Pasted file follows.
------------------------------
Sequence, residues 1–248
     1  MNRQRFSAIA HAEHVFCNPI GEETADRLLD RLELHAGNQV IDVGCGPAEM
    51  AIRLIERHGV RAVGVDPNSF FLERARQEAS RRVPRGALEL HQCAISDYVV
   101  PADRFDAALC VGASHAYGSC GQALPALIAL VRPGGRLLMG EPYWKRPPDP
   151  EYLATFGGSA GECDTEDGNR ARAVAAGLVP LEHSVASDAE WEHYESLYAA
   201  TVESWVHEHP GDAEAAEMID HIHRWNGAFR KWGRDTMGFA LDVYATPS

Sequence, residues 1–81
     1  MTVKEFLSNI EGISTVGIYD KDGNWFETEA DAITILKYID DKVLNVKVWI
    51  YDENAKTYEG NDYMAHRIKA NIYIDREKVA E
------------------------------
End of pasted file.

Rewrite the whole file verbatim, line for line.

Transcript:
Sequence, residues 1–248
     1  MNRQRFSAIA HAEHVFCNPI GEETADRLLD RLELHAGNQV IDVGCGPAEM
    51  AIRLIERHGV RAVGVDPNSF FLERARQEAS RRVPRGALEL HQCAISDYVV
   101  PADRFDAALC VGASHAYGSC GQALPALIAL VRPGGRLLMG EPYWKRPPDP
   151  EYLATFGGSA GECDTEDGNR ARAVAAGLVP LEHSVASDAE WEHYESLYAA
   201  TVESWVHEHP GDAEAAEMID HIHRWNGAFR KWGRDTMGFA LDVYATPS

Sequence, residues 1–81
     1  MTVKEFLSNI EGISTVGIYD KDGNWFETEA DAITILKYID DKVLNVKVWI
    51  YDENAKTYEG NDYMAHRIKA NIYIDREKVA E